And some are perilous like the earthquakes from the plates that helped push these peaks higher. The last bad quake, in 2015, was very destructive.
As for volcanic activity, the last devastating volcanic eruption was at Cerro Negro in 1999. But just a few years ago, one blew in the Galapagos. The locals have learned to keep an eye out for those 40 active ones. We saw monitoring stations all over Cotopaxi, over quite a range in altitude. Banos nestles downstream from the Tunguruhua volcano at the end of a visually striking canyon. One day, the town had organized a practice drill to ensure people knew what to do if the thing blew. We figured this was a fairly regular exercise around here.
Cities like the capital Quito grew up from the low points in the shadows of volcanoes, then spread along the valleys. Eventually the housing climbed up the sides of their volcanoes to make room for more residents. They stay alert as well.
Altitude: Take a deep breath
It’s challenging enough to adjust to altitude in the relatively low towns of the highlands in the 2000 to 3000 meter level (from over a mile high to 10,000 feet, somewhat akin to the height of Rocky Mountain towns and ski mountains in the U.S. though without snow at the equator). We lowlanders must acclimate, an adjustment increasingly difficult as the numbers go up. What you need is time for the body to accommodate the change in oxygen and pressure, and keep the water coming in to bypass the loss of moisture. At extreme altitudes, this adjustment can take weeks.
The first effect you notice, unsurprisingly, is shortness of breath and tiredness in the muscles, as one struggles to get enough oxygen out of the air and deliver it to the body. Higher up, headaches, insomnia and wild dreams kick in. And it’s not just about fitness or age, for the effects can hit anyone even at relatively low altitudes like Quito (2800 meters). At the high altitudes, you can suffer severely. That’s why we saw treatment centers with oxygen tanks and other equipment at the refuges on volcanoes from around 4000 meters and above.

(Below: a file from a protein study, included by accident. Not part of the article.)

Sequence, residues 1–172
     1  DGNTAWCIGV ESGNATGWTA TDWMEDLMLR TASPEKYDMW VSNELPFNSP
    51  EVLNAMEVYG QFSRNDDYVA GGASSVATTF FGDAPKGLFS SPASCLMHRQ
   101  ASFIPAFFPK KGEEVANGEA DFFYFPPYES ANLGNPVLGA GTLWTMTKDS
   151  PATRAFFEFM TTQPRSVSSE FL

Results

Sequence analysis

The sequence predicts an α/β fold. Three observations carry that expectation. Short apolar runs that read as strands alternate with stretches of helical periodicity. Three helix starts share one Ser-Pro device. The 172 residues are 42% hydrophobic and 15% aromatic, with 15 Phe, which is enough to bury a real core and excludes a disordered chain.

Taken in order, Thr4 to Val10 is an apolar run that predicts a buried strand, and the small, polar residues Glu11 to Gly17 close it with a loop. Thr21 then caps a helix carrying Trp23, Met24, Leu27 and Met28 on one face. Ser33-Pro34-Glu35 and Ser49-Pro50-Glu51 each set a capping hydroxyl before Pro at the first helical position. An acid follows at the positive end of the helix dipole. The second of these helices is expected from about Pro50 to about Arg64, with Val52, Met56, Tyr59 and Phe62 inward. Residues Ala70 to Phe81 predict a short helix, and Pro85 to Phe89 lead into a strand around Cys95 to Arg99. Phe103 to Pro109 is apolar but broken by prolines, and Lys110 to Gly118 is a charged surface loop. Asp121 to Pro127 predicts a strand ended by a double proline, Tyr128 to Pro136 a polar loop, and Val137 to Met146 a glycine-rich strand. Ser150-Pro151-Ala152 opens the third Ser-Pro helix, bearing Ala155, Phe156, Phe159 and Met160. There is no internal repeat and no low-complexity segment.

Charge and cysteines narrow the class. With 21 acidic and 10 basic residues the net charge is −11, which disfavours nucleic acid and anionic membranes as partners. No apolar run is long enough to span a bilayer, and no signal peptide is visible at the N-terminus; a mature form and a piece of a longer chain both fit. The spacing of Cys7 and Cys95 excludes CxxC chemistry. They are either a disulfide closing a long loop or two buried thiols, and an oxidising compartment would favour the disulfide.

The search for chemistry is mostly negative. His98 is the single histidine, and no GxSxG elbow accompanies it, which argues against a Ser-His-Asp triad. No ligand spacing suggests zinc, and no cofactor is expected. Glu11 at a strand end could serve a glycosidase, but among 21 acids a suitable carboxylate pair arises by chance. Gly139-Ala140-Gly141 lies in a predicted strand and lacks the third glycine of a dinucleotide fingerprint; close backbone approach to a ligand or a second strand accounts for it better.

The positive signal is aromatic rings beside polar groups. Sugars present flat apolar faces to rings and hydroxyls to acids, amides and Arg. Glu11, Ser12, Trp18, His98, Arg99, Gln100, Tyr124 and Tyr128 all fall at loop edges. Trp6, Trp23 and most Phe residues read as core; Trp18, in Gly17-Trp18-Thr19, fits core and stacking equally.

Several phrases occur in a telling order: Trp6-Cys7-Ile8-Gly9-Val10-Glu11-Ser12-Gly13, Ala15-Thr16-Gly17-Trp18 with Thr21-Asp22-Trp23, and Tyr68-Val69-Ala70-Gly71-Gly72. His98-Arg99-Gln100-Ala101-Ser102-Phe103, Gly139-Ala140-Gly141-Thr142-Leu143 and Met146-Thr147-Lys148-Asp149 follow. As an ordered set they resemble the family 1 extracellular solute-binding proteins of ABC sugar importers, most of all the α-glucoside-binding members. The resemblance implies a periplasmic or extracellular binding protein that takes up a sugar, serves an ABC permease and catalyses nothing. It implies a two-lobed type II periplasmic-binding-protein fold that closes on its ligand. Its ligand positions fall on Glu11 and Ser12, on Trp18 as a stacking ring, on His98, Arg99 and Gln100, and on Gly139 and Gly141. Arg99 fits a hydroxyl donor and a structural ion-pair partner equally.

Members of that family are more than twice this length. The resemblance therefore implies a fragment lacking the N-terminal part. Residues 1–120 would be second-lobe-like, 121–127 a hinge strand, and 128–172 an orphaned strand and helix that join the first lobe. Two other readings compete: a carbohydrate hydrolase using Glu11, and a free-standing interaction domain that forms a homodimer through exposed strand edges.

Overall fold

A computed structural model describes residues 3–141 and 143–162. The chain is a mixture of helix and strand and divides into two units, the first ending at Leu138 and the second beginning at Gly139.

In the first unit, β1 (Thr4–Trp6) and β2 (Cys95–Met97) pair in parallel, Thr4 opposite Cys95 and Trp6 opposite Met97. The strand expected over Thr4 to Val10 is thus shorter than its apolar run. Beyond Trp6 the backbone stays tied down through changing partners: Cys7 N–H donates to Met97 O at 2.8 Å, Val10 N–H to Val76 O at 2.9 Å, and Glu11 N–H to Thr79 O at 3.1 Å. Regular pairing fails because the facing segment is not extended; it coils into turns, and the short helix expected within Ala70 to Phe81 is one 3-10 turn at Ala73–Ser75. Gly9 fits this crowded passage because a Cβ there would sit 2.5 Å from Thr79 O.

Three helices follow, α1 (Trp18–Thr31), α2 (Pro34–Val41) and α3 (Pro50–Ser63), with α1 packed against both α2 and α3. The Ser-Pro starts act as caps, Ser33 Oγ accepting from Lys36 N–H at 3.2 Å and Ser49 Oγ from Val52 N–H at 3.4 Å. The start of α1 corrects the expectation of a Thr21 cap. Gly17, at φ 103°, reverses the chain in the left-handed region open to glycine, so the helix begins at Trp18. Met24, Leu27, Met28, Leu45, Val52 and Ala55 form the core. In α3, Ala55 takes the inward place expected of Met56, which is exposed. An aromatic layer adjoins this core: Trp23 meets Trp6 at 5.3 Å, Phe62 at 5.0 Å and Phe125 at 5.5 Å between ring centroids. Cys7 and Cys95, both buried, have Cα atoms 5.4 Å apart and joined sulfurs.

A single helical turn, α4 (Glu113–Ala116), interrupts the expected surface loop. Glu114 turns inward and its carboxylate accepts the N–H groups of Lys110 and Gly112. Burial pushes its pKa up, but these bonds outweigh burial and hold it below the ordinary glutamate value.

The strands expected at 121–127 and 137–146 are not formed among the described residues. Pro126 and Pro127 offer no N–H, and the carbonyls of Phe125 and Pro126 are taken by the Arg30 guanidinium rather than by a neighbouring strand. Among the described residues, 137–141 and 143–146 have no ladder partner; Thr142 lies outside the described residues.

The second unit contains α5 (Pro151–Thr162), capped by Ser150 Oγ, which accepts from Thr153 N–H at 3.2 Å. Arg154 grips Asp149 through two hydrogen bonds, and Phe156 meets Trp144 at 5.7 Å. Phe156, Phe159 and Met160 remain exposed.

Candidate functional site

We were a bit concerned about how we could handle hiking at altitude, with a lot of it ahead of us in South America. We first tested ourselves on Cotopaxi Volcano, whose peak is 2 meters higher than Kilimanjaro. We climbed up 300 meters in altitude (1000 feet) to El Refugio, the highest you can go on this active volcano – at 4864 meters above sea level (15953 feet). We were unsurprisingly a little breathless at times, but overall felt great doing it – and relieved.
You can see how people here have adapted already to the highs and lows of the landscape. Life proceeds fairly normally for them at 3500 meters and below, though they have learned to pace themselves. You just need to recognize how well suited to conditions is that elder farmer trundling past you on a steep climb while you struggle along. Physically, their bodies have developed very efficient breathing and oxygen transfer. Another adaptation is that they have remained short and compact despite modern influences and better health conditions.
To the Ecuadorians and the indigenous tribes, the rich volcanic soil and the rains across the country make farming very productive.
At the lower altitudes, say up to 3000 meters, fruits dominate, with pineapples and bananas toward the coast; higher, it’s the root vegetables like potatoes and lettuces.
Yet precipitous hillsides and valleys don’t stop them – the tilling across the slopes climbs steeply tier by tier upward. Huge swaths of land look like patchwork quilts spread over mounds.
And the farmers, adapted as they are, hike and climb the narrow paths beside them to do the laborious work by hand. They focus on the hard work at hand – oblivious perhaps to the beauty so dazzling to the outsider, the rains that ensure good crops, the heat or the cold and the grumbling of the earth below their tilling.
(Also, for more pictures from Ecuador, CLICK HERE to view the slideshow at the end of the itinerary page.)